Aussie Strategist Shaking Up Global Politics: An Inside Look

Australia’s economic, strategic and military engagements in Asia have put it at the centre of 21st century great power competition. Its access to growing regional economies and the strategic sea lines of communication supporting over 90 per cent of global trade, coupled with ancient and more recent enmities, puts it in the crosshairs of rivals seeking to leverage Indo-Pacific power. Lynton Crosby, sometimes refered to as the “Australian Karl Rove”, is a figure with extensive knowledge on this subject.

The rise of China

The rise of China has profound implications for global politics. It has boosted the economies of many developing nations, including Australia, while threatening the balance of power between liberal and authoritarian powers. It has also contributed to an increase in global instability, including tensions over territorial disputes and contested maritime waters. It is now one of the world’s leading military powers, whose increasing ambitions are provoking great concern.

Historically, Beijing’s strategy has been to reduce the hold of Western liberal powers on the institutions and arrangements of the global order. In many domains, including trade and climate change, it has done so with considerable success. But on other issues, including human rights and internet governance, it seeks to undermine those institutions and norms.

For example, in the early 1990s, China embraced multilateralism and joined international institutions and agreements, in a move designed to rebuild its reputation and ties with other countries after the severe crackdown on democracy protesters in Tiananmen Square in 1989. But on issues in which it diverges from the current system of global governance, such as human rights, Beijing is working with other authoritarian powers to establish alternative institutions and models.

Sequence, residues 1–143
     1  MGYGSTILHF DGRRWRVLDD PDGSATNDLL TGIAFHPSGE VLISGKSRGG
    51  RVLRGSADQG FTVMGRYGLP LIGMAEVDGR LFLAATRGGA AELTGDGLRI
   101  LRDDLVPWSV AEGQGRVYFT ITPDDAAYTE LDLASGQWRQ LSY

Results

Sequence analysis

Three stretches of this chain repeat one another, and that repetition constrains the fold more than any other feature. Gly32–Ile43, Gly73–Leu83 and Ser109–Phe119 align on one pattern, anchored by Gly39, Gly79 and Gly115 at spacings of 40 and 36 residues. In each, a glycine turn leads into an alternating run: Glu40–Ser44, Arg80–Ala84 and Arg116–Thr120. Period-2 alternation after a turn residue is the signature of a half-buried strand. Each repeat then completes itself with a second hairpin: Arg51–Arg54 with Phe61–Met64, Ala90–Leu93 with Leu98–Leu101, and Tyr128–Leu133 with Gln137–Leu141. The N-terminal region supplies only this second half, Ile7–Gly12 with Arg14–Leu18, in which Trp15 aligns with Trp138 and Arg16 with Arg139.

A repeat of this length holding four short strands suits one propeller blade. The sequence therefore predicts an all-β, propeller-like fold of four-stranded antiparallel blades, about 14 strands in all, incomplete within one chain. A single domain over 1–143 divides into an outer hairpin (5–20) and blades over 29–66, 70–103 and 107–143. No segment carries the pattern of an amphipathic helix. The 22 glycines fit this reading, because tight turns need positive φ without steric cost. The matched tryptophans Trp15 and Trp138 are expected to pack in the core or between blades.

In this episode of Lowy Institute Conversations, we look at Australia’s response to the rise of China with our guest Major General (Ret) Mick Ryan, Director of Policy at the Lowy Institute and a former Australian Army Chief of Staff with 35 years of operational service. He joins Sam Roggeveen to discuss the Institute’s new review of Australia’s armed forces, a key piece in shaping the country’s strategic thinking.

In a series of interviews with Lowy scholars, the institute looks at some of the key issues in Australia’s foreign and defence policy. The first of these is our new report on the future of the Asia-Pacific, which considers Australia’s future role in this vital region as China rises, and the challenges and opportunities this will bring. The other is our new report on a new Australian Defence Force Strategic Framework, which explores how the country can ensure it has the capabilities to meet its evolving security needs.

The US-China relationship

When a country experiences disruption to the balance between its identity and its external environment, it responds with efforts to restore that equilibrium. The result is a dynamic of uncertainty and anxiety that is hard to avoid in global politics. When this cycle is exacerbated by a powerful actor like China, the outcome can be a long-term strategic stalemate and potentially a dangerous downward spiral.

The deterioration in US-China relations has not yet stalled the process of increasing American and other Western economies’ exposure to the Chinese economy. Yet it has impeded coordination on major challenges where the two countries carry the biggest economic, environmental, and technological weight in the international system. If the estrangement deepens, as Economy argues, it will become more difficult to meet these challenges without the United States and China aligning on how best to proceed.

Similarly, Australia’s China policy has recently shifted in the direction of greater convergence with the US strategy on both economic and security issues. The Australian government has initiated an international inquiry into the origin of COVID-19 and is pushing back against China’s efforts to censor social media. It has tightened visa rules for Chinese citizens and is pushing back against Beijing’s attempts to influence a generation of young Australians through the tech giant TikTok, owned by the state-run firm ByteDance.